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Mr. Nanny
1993 - PG - 84 Mins.
Director: Michael Gottlieb
Written By: Michael Gottlieb & Edward Rugoff
Starring: Hulk Hogan, Arthur Anoai, Sherman Hemsley, Ed Leslie, Butch Prickell
Review by: John Ulmer
Sometimes you expect a certain something from a film. You expect it to just be good. At least. But the first impression when you hear of "Mr. Nanny" is instant nausea. Now, you might not know why this produces nausea until I lay down the plot for you. Think of image no. 1: Hulk Hogan as a babysitter wearing a tutu. While I freely admit that it doesn't sound promising, it's nevertheless astounding that the production team was able to take this simple idea and create one of the most monstrously agonizing motion pictures to come along this year. Now, here is image no. 2: Hulk Hogan giving a small child weapons training. Image no. 3: The child electrifying the school bully with his newfound weapons interest. Image no. 4: Hogan and Kid celebrating because Kid has electrocuted Bully in an awful manner.

What we have here is good material for a spoof. How funny would it be to see an eight-year-old electrocute his bully in a Farrelly Brothers movie? But it's not a spoof. The problem is that in "Mr. Nanny" it is not played as a spoof, but as the real thing. The kid supposedly electrocutes his school bully (for real), and we are supposed to feel happy because he has beaten the bully at his own game. That has to be the most sappy excuse for an emotional rush I've ever heard. I don't feel like celebrating with this kid, but rather arresting Hogan and ordering a restraining order on him.

Hulk Hogan plays down-on-his-luck ex-wrestler Sean Armstrong (get it, "Armstrong"?). He has long since exited the ring because of recurring nightmares involving violence in the ring. To give Sean something to do, his best buddy and manager, Barney (Sherman Hemsley), gets him a job as a bodyguard for computer genius Alex Mason (Austin Pendleton). Mason has invented a new super chip and a psycho is out to get it, so the engineer needs someone to look after his two motherless children (played by Raymond O'Connor and Madeline Zima). Reluctantly, Sean agrees, but only because they already have a nanny and his job will be strictly protection. No sooner has he arrived, however, than the nanny quits and Armstrong finds himself babysitting two demons.

A film like "Mr. Nanny" is intellectually insulting on all levels. You have to wonder what the producers and filmmakers were thinking when they gave the "OK" to this film. It doesn't have a plot. It doesn't have good acting. It doesn't even have a half-decent script. The only reason for this film, apparently, is so that Hulk Hogan could be shown in a ballet tutu.

Hulk Hogan can't act. His best performance was his three-liner in "Gremlins 2: The New Batch." So you can imagine how awful it is when the testosterone-junkie with the deep voice fills up the majority of screen-time in the film, and tries to teach a father the values of family interaction and why it's good to tell your kids you love them. Perhaps this would be good material for, say, a muscle-man that can act, like Arnold Schwarzenegger, but "the Hulk" can't act half as good as Mr. Schwarzenegger, and most likely never will be able to.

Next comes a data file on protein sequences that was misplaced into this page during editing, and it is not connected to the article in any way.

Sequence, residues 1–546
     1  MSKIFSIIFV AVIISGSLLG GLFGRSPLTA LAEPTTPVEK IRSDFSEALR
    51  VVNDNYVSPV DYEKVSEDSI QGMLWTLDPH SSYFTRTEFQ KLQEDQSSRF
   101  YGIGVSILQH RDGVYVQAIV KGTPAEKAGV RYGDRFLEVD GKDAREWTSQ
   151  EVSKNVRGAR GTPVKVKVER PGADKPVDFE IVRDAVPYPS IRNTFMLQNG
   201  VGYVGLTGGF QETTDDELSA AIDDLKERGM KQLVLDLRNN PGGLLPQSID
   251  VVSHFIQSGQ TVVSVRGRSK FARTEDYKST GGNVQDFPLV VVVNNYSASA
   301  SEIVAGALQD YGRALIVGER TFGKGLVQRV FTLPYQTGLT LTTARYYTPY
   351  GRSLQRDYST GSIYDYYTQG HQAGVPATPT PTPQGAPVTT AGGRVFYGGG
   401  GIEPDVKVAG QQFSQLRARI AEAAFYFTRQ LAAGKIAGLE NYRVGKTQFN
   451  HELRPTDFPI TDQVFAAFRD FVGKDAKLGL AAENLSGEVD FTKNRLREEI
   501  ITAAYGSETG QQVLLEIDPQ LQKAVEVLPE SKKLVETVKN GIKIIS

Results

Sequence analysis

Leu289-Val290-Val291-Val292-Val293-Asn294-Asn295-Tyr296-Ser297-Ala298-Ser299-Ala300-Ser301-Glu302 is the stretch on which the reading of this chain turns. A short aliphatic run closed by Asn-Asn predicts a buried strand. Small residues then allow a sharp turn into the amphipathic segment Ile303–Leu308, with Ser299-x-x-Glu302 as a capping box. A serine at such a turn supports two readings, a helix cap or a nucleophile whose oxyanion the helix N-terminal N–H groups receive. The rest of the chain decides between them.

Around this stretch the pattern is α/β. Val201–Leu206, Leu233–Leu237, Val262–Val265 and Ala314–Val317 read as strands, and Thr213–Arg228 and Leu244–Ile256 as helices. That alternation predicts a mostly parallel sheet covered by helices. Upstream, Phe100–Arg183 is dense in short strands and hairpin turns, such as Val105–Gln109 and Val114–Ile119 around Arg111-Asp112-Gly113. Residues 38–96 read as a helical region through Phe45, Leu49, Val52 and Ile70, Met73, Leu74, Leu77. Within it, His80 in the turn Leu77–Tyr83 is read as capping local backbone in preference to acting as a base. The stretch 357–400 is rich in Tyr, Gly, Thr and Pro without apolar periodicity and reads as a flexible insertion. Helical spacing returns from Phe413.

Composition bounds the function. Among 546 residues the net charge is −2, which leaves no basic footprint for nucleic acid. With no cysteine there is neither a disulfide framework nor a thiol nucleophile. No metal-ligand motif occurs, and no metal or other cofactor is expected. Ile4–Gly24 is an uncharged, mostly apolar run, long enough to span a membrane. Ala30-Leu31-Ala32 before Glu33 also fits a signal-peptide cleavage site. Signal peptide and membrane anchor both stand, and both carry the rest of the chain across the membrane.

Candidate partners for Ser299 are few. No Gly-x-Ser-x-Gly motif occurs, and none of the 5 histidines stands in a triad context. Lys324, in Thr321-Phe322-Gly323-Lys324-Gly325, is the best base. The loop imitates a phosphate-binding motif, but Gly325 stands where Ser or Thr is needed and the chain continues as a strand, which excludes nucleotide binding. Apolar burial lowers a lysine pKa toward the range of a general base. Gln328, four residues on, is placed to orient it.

Most of the apparent laughs in this film come at the expense of Hogan, and at the expense of every film it has borrowed from. It's a bunch of recycled gags posing as new ones. But it might as well be said that I expected it.

To name some of the recycled gags, here they are: He's hit on the head with bowling balls (see "Uncle Buck"), drenched with water (see "Dennis the Menace"), covered in flour (see "Dennis the Menace" a second time), and electrocuted (see "Home Alone 2: Lost in New York"). Not one of these instances is funny, and it isn't because we've seen it so many times before. And another thing that doesn't help this film at all is the inept direction of Michael Gottlieb. Such comedy, while once amusing in Home Alone, has long since worn out its welcome. Here, it's handled in such a pedestrian manner that it comes across with the audible clunk of a standup comic's joke falling flat. Don't see this movie, whatever you do. If you see it glaring at you in the video store with Hulk Hogan's god-awful smirk on his face, pass it up. Even if it looks like clean family entertainment. It is far from it. It is PG-13 material packaged in a sweet little box. It's not a film. It's merchandising, plain and simple.

There used to be a time when wrestling and Hulk Hogan where what Tony Hawk and skateboarding are today to children. Anything with Hawk sells and, at one time, anything with Hogan sold. Film execs knew this, and played to it. And that's all "Mr. Nanny" is: Marketing, plain and simple. Don't give any more money to these selfish corporations. They can live with what they did. "Mr. Nanny" was a spur-of-the-moment film made for cash-purposes. I'm surprised that all copies weren't burned after Hogan withered away into the recesses of "has-been," because this film stands out as a single merchandising attempt, and its time has long since passed.
Movie Guru Rating
Offensive and completely without value.  Should never have been released.
  0 out of 5 stars

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